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News Release

U.S. Department of the Interior
U.S. Geological Survey

Release: April 20, 2016
John Clemens

Paul Laustsen

Community Flood Protection May Also Help Endangered Salmon to Thrive

TACOMA, Wash.— Building a river setback levee to reduce the risk of flood for a community may also help endangered fish species to thrive, according to the results of a new computer model developed by the U.S. Geological Survey.

For the White River in King County, a proposed setback levee would also help reduce flood risks. A setback levee is relocated farther away than typical from a river channel in order to reduce the risk of flooding by creating a wider riverbed with increased floodwater capacity. Setback levees also allow river flows to spread out and slow down.

“For this setback levee engineering feature, which will provide flood risk reduction, our model shows that it also could minimize environmental impacts and provide increased habitat for federally listed species of salmon,” said Bob Black with the USGS Washington Water Science Center.

In cooperation with the King County Flood Control District and King County’s Water and Land Resources Division, USGS scientists studied a 2-mile reach of the White River near the city of Pacific, at the site of a proposed setback levee, about 68 miles downstream of Mount Rainier. The proposed project would increase the levee-to-levee distance across the river from the current 195 to 295 feet, to as wide as about 1,300 feet.

Traditional river-restoration computer models that simulate the effects on fish species have relied on preferred habitats determined primarily by river depth, velocity and riverbed materials, often ignoring the role of food supply and foraging behavior in habitat quality. USGS scientists took the novel approach of having their model “follow the fish food” and simulate how river insects—food for salmon—are carried downstream by varying river flows and at varying river temperatures. In high river flows, for example, salmon can use up a lot of energy as they struggle to hold their position, while their food insects are swept quickly downstream.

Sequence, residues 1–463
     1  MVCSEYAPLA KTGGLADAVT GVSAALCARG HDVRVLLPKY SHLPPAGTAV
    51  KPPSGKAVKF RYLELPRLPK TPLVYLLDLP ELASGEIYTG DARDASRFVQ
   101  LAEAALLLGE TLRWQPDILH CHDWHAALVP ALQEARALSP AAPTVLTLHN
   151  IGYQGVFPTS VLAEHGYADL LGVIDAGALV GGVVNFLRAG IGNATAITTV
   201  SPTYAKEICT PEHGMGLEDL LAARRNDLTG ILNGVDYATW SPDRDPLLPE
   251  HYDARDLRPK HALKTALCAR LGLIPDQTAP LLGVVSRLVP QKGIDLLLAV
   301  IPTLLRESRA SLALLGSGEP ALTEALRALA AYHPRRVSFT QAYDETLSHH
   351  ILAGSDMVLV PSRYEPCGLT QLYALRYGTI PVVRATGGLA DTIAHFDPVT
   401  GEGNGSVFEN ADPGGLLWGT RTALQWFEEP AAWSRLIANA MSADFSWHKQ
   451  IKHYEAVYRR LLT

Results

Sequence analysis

Results of the USGS computer model indicate that the proposed setback levee project would likely help endangered salmon thrive as they develop and mature, based on their increased energy intake (more river insects) and reduced energy expenditure (due to lower river flows).

The report, "Effect of a levee setback on aquatic resources using two-dimensional flow and bioenergetics models,” by R.W. Black, C.R. Czuba, C.S.Magirl, Sarah McCarthy, Hans Berge and Kyle Comanor, is published as U.S. Geological Survey Scientific Investigations Report 2016-5025, available online. More information about the USGS study can be found here.

The USGS Washington Water Science Center has been investigating the water resources of our state for over 100 years. The data we collect is essential for a reliable supply of safe drinking water, as well as protection from floods and other natural disasters. More about us:

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